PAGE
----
I grew up as a huge Robert Kennedy fan. As a young boy, I devoured books about his life and mission. Most intriguing for me was his metamorphosis into a man who grew to recognized his responsibility to help others.
With his passing in 1968, I was introduced to Senator Edward Kennedy.
Although I was only ten years old at the time, I vividly remember Robert Kennedy’s funeral. It was there that his remaining brother, Ted, quoted his fallen sibling in the eulogy that he offered. Ted reminded us of a principal that RFK cherished and lived.
“Each time a man stands up for an ideal, or acts to improve the lot of others, or strikes out against injustice, he sends forth a tiny ripple of hope, and crossing each other from a million different centers of energy and daring, those ripples build a current that can sweep down the mightiest walls of oppression and resistance…” (These words were spoken by Robert Kennedy at the Day of Affirmation at Capetown University — a remarkable speech worthy of your time.)
In the course of the remembrances today, I was struck by how strongly the Senator from Massachusetts took these words to heart. He believed in compromise and he understood that progress is made one step at a time, particularly when the road to be travelled is very long.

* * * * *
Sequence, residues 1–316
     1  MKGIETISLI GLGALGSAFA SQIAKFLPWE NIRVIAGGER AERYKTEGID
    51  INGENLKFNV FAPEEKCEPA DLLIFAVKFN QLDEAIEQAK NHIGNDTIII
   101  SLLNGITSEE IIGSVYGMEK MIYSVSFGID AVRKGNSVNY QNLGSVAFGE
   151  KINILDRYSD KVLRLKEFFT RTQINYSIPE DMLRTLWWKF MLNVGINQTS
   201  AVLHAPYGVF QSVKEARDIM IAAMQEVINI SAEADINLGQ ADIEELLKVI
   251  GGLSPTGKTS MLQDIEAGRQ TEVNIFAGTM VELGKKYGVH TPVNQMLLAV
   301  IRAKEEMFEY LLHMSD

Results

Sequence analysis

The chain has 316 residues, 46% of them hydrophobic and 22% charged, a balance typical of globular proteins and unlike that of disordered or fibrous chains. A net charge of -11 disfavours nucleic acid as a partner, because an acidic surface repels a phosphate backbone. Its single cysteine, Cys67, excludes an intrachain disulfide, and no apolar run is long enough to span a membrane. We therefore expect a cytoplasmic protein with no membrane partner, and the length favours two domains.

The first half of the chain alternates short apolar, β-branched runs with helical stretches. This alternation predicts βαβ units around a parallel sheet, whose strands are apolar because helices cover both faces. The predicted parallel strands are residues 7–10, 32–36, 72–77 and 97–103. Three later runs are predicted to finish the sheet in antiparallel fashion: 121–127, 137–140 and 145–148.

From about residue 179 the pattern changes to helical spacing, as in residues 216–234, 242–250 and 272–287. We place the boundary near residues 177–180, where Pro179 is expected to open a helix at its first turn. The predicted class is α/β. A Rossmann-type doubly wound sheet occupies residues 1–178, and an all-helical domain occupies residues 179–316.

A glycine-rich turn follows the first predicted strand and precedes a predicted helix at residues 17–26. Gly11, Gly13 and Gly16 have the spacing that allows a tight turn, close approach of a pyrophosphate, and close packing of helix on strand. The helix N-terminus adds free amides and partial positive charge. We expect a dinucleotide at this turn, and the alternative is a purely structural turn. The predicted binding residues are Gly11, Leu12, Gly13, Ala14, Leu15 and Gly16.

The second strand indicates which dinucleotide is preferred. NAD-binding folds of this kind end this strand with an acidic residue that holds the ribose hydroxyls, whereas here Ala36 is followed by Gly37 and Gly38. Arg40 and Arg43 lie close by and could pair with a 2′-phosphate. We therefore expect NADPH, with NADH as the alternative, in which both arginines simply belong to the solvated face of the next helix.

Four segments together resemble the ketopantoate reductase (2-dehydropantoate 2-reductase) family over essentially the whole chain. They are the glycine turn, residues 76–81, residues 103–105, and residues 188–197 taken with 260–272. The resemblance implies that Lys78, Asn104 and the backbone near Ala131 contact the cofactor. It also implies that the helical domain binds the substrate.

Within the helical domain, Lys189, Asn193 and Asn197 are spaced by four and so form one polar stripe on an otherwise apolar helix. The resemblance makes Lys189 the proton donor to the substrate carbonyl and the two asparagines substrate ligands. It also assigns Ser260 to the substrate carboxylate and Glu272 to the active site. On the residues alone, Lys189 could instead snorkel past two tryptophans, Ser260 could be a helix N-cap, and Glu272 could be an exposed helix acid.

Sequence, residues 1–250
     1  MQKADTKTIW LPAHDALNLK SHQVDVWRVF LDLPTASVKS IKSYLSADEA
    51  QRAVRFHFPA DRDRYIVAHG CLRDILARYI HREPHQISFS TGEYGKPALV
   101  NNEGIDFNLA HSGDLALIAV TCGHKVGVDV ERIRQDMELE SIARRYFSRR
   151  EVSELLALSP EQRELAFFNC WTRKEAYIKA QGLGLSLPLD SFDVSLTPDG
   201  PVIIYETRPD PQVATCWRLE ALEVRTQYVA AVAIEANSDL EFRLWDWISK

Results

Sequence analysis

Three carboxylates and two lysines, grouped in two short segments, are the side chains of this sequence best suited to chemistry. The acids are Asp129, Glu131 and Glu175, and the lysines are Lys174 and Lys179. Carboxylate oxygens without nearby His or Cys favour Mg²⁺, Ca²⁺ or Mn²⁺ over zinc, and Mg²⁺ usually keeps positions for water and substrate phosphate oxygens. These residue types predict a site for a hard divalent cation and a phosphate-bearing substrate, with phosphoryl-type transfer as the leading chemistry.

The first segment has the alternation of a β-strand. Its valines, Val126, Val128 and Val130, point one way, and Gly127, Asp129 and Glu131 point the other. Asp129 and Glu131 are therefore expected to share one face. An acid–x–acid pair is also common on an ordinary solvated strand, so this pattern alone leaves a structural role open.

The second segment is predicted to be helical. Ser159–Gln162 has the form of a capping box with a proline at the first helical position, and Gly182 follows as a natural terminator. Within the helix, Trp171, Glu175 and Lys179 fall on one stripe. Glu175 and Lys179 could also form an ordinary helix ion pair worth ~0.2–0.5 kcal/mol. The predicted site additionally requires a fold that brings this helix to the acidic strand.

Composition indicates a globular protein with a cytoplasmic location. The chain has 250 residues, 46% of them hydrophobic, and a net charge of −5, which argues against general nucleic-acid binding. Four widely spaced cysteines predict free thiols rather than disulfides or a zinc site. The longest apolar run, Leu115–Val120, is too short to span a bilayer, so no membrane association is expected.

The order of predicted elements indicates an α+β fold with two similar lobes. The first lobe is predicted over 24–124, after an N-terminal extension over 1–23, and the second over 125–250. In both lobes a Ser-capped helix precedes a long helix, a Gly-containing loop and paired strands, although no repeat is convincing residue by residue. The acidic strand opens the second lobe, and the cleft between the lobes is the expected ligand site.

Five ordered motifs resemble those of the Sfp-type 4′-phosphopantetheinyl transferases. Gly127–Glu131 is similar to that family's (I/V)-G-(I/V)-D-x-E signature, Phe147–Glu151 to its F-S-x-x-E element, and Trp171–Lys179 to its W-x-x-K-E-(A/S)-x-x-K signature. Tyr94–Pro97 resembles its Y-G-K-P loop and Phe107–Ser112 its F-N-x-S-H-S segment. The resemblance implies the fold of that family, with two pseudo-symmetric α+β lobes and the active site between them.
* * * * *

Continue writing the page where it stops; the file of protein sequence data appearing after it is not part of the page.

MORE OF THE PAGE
To build bridges, one broadcaster noted that Senator Kennedy would often woo and cultivate the relationships with his colleagues by visiting them in their offices armed with a plate of cookies.
What a simple and remarkable gesture!
What a beautiful way to remind others that we are all human and that the greatest way to accomplish something is to start with a generous but simple act of kindness.
There are many lessons I will draw from his remarkable legacy of service but as I sit and write these words, the two that I will likely try to further integrate in my life is to remain steadfast in the service of others and that acts of compromise and generosity led to progress.
As for the late Senator, it is my hope that he be remembered as he hoped RFK would be remembered, “simply as a good and decent man, who saw wrong and tried to right it, saw suffering and tried to heal it, saw war and tried to stop it.”
Rest in peace, Senator. You will be missed.